Although the U.S. and Colombia have both cited the laptops as evidence of Venezuelan support for the FARC, most other countries and international bodies have not, and in April 2008 OAS Secretary General Jose Miguel Insulza testified before the House Subcommittee on Western Hemispheric Affairs that there was no evidence of Venezuelan support for the FARC.
An Interpol analysis of the laptops concluded that because of the handling of the evidence by the Colombian government for days before it was turned over, that it would not hold up in judicial proceedings. The computers and other devices were in control of the Colombia military for two days until they were handed over to computer experts, and then it was another week before they were given to Interpol. Interpol did not analyze the contents of the documents, in fact they had non-Spanish speakers evaluate the contents, despite that most – if not all – of the emails and other text was in Spanish.
Recently, further allegations have been made about Venezuelan support for both the FARC and the ETA (the Basque separatist group that is also labeled a terrorist organization). This made a splash in the media in March 2010 when a Spanish judge brought charges against Venezuela claiming Venezuelan support for the ETA. The evidence cited was again from the recovered FARC laptops, and during a recent hearing before the Senate Armed Service Committee, Douglas Fraser, the U.S. Commander of the U.S. Southern Command, testified that he was not aware of any evidence of Venezuelan support for the ETA. Although he later recanted these statements after meeting with the U.S. State Department, this seems more political than factual. It is unlikely that the head of the U.S. military in Latin America would not be aware of this evidence, had if it existed.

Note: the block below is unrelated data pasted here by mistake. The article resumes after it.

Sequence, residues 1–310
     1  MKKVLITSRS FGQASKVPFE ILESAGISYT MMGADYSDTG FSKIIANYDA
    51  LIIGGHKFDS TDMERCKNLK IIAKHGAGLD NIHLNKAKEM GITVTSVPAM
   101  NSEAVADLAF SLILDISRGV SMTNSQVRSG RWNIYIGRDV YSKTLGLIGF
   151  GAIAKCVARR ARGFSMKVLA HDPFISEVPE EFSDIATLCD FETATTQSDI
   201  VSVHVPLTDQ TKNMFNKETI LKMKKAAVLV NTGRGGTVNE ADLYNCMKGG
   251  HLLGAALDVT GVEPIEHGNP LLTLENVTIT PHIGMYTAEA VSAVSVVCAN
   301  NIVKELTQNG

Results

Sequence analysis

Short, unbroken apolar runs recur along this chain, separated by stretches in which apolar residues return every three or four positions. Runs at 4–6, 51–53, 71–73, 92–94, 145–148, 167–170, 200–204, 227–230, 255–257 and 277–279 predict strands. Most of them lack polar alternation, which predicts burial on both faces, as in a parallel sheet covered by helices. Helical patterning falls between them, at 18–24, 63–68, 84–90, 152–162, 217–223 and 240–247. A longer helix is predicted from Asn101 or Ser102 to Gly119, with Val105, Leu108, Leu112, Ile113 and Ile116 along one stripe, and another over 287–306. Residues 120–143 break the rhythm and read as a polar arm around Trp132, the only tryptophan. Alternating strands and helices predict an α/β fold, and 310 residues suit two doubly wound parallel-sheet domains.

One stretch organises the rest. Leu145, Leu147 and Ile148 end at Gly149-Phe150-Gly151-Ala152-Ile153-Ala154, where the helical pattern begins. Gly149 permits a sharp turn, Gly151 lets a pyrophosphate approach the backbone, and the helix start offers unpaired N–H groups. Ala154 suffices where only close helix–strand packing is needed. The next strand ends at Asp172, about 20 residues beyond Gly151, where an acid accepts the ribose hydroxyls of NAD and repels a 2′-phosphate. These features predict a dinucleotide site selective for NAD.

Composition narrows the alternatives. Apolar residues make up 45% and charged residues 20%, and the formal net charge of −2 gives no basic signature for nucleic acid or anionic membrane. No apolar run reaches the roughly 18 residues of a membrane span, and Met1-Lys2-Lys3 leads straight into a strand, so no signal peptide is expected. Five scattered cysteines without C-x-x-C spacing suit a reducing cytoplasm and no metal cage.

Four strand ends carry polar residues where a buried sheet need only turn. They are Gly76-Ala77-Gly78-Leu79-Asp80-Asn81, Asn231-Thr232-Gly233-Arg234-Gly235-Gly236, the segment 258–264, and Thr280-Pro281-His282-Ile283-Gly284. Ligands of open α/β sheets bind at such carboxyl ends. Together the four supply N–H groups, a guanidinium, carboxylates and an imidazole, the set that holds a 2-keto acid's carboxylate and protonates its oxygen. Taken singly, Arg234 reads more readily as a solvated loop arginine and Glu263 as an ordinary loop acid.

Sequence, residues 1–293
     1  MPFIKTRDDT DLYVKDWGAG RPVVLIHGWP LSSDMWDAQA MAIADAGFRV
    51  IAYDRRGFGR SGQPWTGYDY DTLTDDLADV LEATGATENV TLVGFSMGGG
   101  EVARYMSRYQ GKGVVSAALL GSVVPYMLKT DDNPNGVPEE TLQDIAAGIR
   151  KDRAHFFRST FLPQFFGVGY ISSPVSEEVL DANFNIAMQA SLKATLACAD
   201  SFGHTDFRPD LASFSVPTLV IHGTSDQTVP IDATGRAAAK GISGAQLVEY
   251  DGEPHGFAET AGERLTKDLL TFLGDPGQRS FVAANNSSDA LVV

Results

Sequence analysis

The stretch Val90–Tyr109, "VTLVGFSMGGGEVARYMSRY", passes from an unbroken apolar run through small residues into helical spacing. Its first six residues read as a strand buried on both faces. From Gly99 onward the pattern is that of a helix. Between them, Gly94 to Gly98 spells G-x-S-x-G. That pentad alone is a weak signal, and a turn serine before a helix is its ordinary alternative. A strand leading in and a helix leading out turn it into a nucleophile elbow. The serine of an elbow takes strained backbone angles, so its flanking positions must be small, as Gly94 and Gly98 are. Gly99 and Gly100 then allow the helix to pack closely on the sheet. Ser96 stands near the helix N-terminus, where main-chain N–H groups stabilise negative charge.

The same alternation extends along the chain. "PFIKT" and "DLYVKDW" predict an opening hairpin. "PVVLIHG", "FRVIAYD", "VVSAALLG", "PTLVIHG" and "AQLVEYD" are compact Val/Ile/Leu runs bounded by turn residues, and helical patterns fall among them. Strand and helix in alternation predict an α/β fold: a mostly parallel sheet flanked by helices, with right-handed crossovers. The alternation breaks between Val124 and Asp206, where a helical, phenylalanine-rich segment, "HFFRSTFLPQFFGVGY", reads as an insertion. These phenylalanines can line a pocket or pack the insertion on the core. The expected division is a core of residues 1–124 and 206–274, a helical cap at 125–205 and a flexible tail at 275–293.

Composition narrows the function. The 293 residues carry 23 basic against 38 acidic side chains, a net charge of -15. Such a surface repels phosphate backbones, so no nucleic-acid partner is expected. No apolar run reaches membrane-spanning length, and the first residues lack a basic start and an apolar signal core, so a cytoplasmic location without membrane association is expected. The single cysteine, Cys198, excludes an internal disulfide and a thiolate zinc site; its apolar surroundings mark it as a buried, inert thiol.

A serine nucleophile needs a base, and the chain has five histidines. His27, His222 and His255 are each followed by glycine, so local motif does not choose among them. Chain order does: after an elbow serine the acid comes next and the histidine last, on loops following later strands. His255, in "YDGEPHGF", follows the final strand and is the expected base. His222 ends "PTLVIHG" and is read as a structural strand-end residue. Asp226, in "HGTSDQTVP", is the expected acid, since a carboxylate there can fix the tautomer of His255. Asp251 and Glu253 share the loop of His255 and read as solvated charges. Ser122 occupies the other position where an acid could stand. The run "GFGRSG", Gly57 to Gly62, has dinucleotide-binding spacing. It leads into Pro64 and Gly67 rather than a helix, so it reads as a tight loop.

The Truth: Venezuela’s “Bolivarian Revolution” empowers communities to make decisions and exert more control over their lives in a “bottom-up” distribution of power. Most media coverage of Venezuela focuses on the role of president Chávez, framing coverage of developments in Venezuela whereby decision-making appears to be unilaterally made by Chávez. This ignores, however, the efforts that have been made in Venezuela to increase political participation and empower grassroots organizations, not to mention the role of the legislature, the judiciary, government agencies, and political parties – both Chávez’s and independent parties.